Personally I think it has reached critical mass. I have never been a fan of social media. I have barely ever used it. It’s probably my age, but I have never been a fan of what’s popular or in vogue. I don’t need a smartphone so I can check Facebook every minute of the day but at the same time I understand why others do. It’s become an intricate part of our lives and our work.

That is why I believe there should be some accountability online. While people rebelled at the thought of Internet “censorship” it is important to set boundaries too. Journalists like myself are always careful what we say or what we write because we are held to a higher standard. We know we can’t just shoot off every thought because we’d have to deal with libel cases or worse. That is why everything is carefully researched and thought out before going to print. Online just does not have those safeguards. People say and do whatever they want and we have all seen how dangerous that can be.

I don’t pretend to know the answer to this twisted web we’ve all weaved for ourselves, but I do know that the further down the rabbit hole we go the harder it will be to dig ourselves out again. Personally I miss the time we lived a world that was more “authentic”. I just worry that social media and the online community have destroyed real truth by allowing everyone the freedom to spread lies with just as much ease. Hopefully, we aren’t all too far gone.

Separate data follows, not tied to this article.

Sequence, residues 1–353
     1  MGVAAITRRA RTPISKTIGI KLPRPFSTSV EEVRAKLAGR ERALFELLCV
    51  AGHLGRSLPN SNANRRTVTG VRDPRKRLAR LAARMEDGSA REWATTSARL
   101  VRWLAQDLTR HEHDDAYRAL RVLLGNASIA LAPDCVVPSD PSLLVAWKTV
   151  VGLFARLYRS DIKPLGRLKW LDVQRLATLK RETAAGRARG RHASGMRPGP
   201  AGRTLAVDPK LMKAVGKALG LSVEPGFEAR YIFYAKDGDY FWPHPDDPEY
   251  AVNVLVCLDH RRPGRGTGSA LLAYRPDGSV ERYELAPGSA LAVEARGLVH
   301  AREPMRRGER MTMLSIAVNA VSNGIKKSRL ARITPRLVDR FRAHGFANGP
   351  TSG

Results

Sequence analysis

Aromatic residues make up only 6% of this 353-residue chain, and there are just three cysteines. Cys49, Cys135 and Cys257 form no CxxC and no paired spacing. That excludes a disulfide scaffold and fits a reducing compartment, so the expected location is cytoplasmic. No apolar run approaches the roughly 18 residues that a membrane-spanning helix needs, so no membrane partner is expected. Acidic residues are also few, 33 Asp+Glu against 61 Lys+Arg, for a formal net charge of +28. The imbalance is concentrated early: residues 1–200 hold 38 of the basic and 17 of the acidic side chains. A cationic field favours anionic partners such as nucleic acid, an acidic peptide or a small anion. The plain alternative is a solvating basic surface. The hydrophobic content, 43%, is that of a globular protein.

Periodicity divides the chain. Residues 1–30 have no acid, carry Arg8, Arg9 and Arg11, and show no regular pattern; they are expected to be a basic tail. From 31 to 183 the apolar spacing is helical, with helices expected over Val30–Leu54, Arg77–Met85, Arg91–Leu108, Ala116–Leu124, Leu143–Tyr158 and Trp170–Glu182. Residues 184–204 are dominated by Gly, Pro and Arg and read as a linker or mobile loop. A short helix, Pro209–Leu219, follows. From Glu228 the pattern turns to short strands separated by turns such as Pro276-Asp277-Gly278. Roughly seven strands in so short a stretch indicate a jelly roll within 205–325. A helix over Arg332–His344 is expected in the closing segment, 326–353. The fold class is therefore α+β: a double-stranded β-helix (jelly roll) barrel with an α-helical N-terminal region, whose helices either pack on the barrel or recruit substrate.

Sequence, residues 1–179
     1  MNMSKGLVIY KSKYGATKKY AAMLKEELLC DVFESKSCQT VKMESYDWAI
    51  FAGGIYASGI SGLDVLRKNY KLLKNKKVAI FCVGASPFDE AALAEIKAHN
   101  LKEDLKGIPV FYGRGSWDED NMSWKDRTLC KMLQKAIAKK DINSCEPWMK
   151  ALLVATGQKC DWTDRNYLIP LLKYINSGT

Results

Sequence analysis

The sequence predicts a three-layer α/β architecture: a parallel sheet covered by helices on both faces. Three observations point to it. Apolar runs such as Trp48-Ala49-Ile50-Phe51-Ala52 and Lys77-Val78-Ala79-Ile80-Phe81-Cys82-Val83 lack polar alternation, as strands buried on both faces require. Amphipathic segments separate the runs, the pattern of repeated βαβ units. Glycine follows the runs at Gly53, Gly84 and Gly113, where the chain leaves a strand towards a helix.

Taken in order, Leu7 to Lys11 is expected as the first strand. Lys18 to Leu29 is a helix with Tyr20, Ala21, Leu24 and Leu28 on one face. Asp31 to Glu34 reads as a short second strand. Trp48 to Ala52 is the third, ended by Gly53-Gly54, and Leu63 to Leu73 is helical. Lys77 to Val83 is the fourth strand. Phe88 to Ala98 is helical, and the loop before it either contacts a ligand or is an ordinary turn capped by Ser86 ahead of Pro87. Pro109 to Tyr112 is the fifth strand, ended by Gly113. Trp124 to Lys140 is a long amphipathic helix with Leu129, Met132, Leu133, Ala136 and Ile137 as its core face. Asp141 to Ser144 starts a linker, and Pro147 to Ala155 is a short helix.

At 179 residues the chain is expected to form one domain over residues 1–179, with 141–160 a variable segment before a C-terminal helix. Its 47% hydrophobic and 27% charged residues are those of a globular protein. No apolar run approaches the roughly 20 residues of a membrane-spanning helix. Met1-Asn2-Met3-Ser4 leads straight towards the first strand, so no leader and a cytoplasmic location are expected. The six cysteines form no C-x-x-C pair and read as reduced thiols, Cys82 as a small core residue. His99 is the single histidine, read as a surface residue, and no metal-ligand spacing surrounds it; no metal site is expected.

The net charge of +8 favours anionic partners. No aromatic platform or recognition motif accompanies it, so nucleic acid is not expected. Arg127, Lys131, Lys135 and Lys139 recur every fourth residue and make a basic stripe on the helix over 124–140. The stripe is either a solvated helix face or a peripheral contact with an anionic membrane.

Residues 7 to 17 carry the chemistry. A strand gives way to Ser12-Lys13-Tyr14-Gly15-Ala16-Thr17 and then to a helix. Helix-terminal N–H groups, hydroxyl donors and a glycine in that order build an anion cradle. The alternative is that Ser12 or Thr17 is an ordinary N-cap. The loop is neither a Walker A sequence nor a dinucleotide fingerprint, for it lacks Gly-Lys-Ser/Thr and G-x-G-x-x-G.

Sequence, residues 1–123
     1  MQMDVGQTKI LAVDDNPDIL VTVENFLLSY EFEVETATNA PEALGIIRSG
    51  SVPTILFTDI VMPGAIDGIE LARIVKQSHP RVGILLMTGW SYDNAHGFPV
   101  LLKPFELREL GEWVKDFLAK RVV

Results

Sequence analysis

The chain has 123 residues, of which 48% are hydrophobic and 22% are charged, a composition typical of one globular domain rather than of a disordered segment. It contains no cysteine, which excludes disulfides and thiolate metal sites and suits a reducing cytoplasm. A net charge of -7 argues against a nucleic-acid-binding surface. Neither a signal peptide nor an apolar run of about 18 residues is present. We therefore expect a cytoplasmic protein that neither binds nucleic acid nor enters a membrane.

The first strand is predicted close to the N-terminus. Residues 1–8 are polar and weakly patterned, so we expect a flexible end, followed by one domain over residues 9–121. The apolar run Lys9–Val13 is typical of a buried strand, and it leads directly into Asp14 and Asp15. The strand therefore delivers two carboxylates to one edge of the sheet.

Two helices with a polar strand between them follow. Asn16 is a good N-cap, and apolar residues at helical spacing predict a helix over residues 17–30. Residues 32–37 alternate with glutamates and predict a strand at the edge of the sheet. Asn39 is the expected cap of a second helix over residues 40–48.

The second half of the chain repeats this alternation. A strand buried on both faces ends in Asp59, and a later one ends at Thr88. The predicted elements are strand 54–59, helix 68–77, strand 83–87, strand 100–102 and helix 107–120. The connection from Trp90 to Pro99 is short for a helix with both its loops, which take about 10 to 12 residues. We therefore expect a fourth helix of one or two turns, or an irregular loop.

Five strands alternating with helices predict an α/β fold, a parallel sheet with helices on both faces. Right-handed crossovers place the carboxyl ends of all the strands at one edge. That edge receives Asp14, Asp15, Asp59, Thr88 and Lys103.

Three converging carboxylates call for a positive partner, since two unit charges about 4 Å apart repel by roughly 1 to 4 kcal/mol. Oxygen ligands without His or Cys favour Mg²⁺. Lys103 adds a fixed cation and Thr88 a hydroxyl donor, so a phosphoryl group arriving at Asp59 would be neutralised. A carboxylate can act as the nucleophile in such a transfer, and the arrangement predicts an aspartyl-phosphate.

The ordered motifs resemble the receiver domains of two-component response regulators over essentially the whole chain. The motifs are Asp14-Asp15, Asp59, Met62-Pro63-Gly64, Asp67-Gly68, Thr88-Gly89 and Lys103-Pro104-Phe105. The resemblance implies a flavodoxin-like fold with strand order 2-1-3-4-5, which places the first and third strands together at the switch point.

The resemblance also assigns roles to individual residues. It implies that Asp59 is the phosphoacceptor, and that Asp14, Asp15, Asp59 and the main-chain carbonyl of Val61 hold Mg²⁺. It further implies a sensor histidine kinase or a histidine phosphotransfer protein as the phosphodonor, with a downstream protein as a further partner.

*     *     *

Though it has been the topic of much debate I am glad they will be fully re-implementing the Anti-Distracted Driving Act (ADDA) this July. I understand why it had to be suspended considering all the confusion when it was first implemented in May but I don’t think that it should have been scrapped all together. The Act needed clearer Implementing Rules and Regulations and now with the IRR in place implementation is set to begin again in the first week of July.

I truly believe that phones should not be in the hands of drivers behind the wheel. Far too many accidents have been caused by mobile phone usage – especially among the youth who – as mentioned above – are quite addicted to their social media and don’t seem to want to miss out on a moment, even if their hands should be on the wheel.

However, I do feel the initial penalty costs are a bit high. Maybe given time they can be increased but to charge P5,000 for the first offense when the ADDA is just about to be implemented again seems a bit steep. I believe that even a lower cash penalty at this point would serve the purpose of teaching drivers and discourage them from using their devices.

Now if only we could find a way to address traffic and clear the streets the real problem would probably be solved. If people weren’t stuck in their vehicles for hours on end just trying to get somewhere they would probably be less tempted to pass the time on their phones.